Reflection September 4th, 2022
Jeremiah 18:1-11/ Psalm 139:1:1-6, 13-18/ Luke 14:25-33
We Are God’s Clay
Empty Your Mind
Buddhism has been in Korea for over 1000 years. Considering that Christianity has only been in Korea for 200 years, you can easily guess the impact of Buddhism in the Korean culture. That is how even non-Buddhists learn something about Buddhism. What I have learned about the Korean Buddhism, which is a bit different from, for example, the Tibetan Buddhism, is summarized in the key word of its doctrine, “nothingness.” Korean Buddhism teaches that we have to empty our minds.
A famous Buddhist monk who lived 1000 years ago was once travelling, when it became dark and he had to find a shelter for the night. He found a dark cave. When he became extremely thirsty, in the dark, he found a bowl of water and drank it, thinking that it was the sweetest water he had tasted. In the morning, he discovered that this “sweet water” was, in fact, a skull with rotten water in it. This experience gave him the revelation that everything is in our head. Buddhism teaches that the source of the human suffering is obsession. For example, we want more than we can get, so, we suffer. We should train to be like flexible water.
Potter and Clay
The clay and potter analogy that we read in Jeremiah also teaches us to be flexible, not like water, but like clay. A potter can shape clay into different things. If something fails, they start again and try something else. This is an appropriate analogy for our Christian idea that we should let ourselves be shaped according to God’s will, for God’s purposes.
One interesting observation from this text is how one can determine one’s own destiny. Whether one believes to be chosen by God for greatness or not, one’s destiny will depend on one’s choice. If one chooses to follow God’s path, God will bless one.
God Knows Us Inside and Out
We should put ourselves in God’s hands to shape us because God is our Creator, and as our Creator, God knows us well. Today’s Psalm professes this fact with intimate and poetic language: “You have searched me and known me. You discern my path and the places I rest; you are familiar with all my ways. Where can I escape from your spirit? Where can I flee from your presence? If I ascend to heaven, you are there; if I lie down in the grave, you are even there. It was you who formed my inward parts; you fashioned me in my mother’s womb.” There are a lot of biblical passages that teach us about our intimate relationship with God, but even among them, this psalm is one of the most beautiful ones.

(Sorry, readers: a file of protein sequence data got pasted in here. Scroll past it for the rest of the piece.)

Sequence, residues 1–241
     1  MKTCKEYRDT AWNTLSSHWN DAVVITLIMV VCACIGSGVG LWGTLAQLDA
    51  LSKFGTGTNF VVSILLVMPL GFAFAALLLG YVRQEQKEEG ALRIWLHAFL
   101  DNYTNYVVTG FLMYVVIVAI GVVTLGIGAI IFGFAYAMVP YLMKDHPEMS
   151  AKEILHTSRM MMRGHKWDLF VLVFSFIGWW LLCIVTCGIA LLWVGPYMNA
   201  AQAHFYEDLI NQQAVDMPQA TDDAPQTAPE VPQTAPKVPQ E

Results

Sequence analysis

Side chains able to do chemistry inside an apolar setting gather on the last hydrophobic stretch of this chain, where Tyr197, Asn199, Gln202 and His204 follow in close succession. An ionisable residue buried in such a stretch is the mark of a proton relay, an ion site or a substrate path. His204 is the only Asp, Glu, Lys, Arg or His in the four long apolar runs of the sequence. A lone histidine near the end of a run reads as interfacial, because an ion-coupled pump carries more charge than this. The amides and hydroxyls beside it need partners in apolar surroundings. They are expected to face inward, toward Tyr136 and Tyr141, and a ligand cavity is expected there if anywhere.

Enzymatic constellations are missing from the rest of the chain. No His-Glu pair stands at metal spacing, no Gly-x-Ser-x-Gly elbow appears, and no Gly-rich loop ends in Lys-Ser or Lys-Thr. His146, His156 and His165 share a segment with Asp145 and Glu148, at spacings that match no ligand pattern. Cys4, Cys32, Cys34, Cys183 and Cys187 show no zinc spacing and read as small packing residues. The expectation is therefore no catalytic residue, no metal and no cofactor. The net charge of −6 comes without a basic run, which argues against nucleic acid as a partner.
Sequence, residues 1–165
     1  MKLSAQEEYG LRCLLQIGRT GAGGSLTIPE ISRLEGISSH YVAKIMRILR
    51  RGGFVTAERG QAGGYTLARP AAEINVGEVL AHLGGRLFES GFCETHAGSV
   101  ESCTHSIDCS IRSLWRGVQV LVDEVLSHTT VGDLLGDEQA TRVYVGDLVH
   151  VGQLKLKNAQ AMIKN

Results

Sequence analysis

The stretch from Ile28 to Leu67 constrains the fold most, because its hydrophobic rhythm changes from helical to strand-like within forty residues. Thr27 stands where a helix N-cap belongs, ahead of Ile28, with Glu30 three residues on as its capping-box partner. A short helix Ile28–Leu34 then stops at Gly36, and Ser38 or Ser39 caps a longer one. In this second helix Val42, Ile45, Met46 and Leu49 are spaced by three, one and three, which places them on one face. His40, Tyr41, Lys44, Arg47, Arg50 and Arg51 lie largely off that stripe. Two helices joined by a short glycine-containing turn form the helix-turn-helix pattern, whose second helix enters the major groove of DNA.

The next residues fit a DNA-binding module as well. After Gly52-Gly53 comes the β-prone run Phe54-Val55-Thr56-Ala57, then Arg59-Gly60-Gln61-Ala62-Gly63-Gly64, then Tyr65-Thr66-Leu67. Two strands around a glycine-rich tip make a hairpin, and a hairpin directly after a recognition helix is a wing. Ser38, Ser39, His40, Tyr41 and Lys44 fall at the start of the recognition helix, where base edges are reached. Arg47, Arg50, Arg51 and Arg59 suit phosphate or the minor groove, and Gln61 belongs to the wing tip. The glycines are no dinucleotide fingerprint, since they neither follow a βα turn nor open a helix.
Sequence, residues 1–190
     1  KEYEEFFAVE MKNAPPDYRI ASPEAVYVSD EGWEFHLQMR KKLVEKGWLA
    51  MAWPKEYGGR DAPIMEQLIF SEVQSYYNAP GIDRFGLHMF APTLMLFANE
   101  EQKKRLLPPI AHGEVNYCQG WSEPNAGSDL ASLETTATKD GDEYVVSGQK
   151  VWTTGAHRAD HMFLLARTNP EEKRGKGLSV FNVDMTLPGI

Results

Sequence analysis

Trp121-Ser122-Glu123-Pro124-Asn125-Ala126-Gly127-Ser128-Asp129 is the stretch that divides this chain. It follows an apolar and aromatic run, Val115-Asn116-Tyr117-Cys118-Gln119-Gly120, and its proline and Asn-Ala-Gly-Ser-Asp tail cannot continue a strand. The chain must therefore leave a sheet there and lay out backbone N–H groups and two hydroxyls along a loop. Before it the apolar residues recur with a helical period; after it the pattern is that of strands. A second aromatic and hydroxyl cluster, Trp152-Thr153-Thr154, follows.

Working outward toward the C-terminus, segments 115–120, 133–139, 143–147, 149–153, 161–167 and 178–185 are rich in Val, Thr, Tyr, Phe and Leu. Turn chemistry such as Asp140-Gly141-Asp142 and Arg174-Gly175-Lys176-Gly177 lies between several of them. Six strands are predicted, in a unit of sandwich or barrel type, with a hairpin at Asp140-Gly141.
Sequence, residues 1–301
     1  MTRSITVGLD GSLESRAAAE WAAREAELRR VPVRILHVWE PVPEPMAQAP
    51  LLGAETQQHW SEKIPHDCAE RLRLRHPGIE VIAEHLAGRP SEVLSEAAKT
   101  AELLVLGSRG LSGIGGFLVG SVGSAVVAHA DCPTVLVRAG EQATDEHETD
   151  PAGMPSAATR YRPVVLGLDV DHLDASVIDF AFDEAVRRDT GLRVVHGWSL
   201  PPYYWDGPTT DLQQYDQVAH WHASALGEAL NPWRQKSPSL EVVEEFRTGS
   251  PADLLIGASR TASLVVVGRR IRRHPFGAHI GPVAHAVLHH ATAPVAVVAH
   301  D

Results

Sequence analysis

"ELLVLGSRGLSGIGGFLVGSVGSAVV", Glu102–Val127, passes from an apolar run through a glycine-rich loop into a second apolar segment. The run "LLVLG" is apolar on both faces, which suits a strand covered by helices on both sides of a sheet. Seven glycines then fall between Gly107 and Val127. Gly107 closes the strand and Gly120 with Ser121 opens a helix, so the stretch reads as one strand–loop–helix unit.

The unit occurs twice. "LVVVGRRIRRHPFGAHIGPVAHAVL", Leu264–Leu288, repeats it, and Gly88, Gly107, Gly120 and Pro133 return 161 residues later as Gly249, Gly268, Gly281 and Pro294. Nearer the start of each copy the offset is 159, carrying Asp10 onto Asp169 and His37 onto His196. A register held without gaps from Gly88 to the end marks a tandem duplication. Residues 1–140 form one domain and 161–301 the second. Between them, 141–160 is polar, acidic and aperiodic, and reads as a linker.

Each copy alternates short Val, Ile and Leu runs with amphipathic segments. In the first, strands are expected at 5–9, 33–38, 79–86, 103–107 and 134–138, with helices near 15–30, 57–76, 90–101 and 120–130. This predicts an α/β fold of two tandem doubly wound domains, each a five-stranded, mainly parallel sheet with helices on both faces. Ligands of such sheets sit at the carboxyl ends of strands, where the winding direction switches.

The Cost of Discipleship
If we let God, we can be formed into an image that is compatible with God’s values, an image that resembles Jesus. Jesus teaches us what this image should look like. We should follow Jesus, yes, but how do we follow him? Today’s gospel text teaches what it entails to be a disciple, the cost of discipleship.
First, we have to prioritize God’s work, even over our family. Of course, we shouldn’t take his teaching so literally as to start hating our family or our own life. Second, we should pick up our own crosses, which may seem very vague and unrelatable.
For Jesus’ contemporaries, the cross was the cruelest of all execution methods. The prospect was too scary, which was exactly the point of this Roman strategy (to scare people into submission).
Being a disciple, living as God’s faithful people, requires sacrifice and even our safety depending on the situations. As a king would not wage war without first determining if there is a good chance of winning, we should not get into the life of discipleship without understanding what it entails. The conclusion is that we should give our all and not compromise our kingdom values.
In verses 34 and 35 that we DIDN’T read today, it says, “Salt is good; but if salt has lost its taste, how can its saltiness be restored? It is fit neither for the soil nor for the manure piles; they throw it away.” As we can see here, the message is clear that God doesn’t want lukewarm participation. All we say and do in life should reflect God’s kingdom values of compassionate love and justice. Discipleship requires complete dedication.
God Can Shape Us in Christ’s Image
Our limitations as humans makes it seem impossible to be like Jesus. We might become discouraged. However, we should remember that we are God’s clay. God can form us into the image of Jesus. God who created us and knows us inside and out will guide and empower us, if we only entrust ourselves in God’s mighty and loving hands. Therefore, let us take a deep breath, empty ourselves, and become flexible like water or clay so that God can shape us and use us to bring God’s reign here on earth.